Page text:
Facebook Stores “Non-Posts” and Sends Unpublished Text to Its Servers
According to a tech consultant, Facebook collects all writing that is entered into a text box and sends it to its servers regardless of whether a user chooses to publish it. In a post published on his blog, Príomh Ó hÚigínn explains that Facebook sends an HTML post request containing the text a user writes.
He observed this network traffic using Firefox Devtools.
“This is outright Orwellian, and inconvenient,” he said. “Since I am now aware of this, I am more cautious about what I enter into the text area.”
hÚigínn is not the only researcher to study Facebook’s collection of aborted posts.
In December 2013, Sauvik Das, a Ph.D. student at Carnegie Mellon and summer software engineer intern at Facebook, and Adam Kramer, a Facebook data scientist, published a study on what Facebook calls “self-censorship” behavior. The two researchers revealed in their study that the social media site sends text to a user’s browser, which sends back metadata whenever a user types into a text box.
At the time, the researchers concluded that Facebook received information indicating only that a user had self-censored and not the actual text that they had typed. However, hÚigínn’s research reveals that the exact text is also captured and sent to the social media site’s servers.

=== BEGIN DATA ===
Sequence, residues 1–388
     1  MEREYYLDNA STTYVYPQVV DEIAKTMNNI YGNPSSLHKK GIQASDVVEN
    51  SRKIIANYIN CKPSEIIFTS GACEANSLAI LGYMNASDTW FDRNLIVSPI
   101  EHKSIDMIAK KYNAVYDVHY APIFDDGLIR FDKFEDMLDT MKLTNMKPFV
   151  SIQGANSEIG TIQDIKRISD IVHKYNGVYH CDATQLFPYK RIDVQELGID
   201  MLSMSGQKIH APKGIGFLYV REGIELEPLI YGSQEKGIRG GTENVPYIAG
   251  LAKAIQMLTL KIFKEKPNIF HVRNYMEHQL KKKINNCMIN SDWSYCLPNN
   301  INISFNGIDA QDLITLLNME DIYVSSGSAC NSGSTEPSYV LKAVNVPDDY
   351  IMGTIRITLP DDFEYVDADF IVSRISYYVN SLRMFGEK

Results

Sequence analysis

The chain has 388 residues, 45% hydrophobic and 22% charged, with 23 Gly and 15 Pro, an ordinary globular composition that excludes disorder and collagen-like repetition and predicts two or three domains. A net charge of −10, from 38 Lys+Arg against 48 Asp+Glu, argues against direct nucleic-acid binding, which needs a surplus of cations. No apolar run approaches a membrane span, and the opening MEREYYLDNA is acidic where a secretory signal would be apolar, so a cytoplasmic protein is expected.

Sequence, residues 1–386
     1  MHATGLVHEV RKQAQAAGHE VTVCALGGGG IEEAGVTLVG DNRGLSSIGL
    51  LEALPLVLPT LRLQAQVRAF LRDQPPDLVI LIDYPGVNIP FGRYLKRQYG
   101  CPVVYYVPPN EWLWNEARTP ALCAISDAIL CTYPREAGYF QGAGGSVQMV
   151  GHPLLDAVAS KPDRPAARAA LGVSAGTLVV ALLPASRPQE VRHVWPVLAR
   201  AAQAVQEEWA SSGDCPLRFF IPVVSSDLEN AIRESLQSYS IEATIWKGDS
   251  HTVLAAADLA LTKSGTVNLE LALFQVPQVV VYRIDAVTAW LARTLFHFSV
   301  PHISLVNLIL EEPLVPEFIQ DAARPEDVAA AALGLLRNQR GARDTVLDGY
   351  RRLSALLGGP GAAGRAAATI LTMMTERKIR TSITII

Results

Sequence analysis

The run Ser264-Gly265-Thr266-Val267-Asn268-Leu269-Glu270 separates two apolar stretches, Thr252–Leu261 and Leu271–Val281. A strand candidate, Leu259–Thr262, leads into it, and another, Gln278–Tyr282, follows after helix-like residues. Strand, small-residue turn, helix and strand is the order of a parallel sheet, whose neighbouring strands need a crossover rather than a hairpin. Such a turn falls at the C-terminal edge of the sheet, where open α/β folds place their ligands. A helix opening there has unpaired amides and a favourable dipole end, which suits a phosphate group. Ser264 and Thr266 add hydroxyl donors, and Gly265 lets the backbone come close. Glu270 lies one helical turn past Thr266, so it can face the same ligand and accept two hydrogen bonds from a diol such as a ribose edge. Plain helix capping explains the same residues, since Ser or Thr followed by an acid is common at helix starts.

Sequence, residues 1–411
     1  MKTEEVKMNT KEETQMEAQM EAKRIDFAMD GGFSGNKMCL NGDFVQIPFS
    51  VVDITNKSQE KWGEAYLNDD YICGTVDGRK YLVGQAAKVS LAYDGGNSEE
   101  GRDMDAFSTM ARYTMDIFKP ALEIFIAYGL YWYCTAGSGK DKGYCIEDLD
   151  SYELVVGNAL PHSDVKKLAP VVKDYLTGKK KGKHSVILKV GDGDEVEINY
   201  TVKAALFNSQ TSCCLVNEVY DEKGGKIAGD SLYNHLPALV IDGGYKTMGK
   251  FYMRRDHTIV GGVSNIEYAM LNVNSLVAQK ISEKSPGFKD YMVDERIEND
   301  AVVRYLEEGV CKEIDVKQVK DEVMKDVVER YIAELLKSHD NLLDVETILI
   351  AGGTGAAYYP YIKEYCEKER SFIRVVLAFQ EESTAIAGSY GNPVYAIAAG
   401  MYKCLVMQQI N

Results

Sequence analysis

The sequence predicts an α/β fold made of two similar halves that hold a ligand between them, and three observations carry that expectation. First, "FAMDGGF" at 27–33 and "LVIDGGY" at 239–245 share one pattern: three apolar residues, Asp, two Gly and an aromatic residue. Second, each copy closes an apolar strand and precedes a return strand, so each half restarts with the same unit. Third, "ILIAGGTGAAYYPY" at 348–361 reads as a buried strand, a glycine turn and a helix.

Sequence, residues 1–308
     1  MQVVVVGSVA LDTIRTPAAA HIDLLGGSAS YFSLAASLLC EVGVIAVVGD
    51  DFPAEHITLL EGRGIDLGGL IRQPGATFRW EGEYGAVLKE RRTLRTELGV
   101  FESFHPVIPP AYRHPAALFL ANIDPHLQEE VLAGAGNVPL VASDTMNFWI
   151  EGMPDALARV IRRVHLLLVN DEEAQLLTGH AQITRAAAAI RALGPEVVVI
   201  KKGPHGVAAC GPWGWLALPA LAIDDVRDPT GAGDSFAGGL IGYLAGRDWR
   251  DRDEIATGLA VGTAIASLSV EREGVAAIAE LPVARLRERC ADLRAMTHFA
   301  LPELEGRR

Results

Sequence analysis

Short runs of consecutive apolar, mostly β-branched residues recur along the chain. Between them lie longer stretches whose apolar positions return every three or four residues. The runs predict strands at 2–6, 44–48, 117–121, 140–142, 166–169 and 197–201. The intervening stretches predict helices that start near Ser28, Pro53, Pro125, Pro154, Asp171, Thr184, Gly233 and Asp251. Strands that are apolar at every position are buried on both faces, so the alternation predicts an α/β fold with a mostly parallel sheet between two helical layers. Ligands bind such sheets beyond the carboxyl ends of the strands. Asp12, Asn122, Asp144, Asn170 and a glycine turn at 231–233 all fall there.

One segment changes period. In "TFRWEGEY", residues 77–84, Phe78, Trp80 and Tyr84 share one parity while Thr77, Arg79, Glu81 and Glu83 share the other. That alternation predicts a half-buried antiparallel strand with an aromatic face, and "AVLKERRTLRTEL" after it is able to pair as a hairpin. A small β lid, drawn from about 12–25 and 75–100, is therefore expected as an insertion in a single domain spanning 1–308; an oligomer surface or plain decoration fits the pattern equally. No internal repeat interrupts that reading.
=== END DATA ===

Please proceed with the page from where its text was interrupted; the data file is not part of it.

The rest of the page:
It is unclear whether Facebook’s Data Policy specifies this type of data collection.
“We collect the content and other information you provide when you use our Services, including when you sign up for an account, create or share, and message or communicate with others,” the policy reads.
“This can include information in or about the content you provide, such as the location of a photo or the date a file was created.”
Facebook explains that it also collects information about how users interact with its ‘Services,’ such as the types of content they view or engage with or the frequency and duration of their activities.
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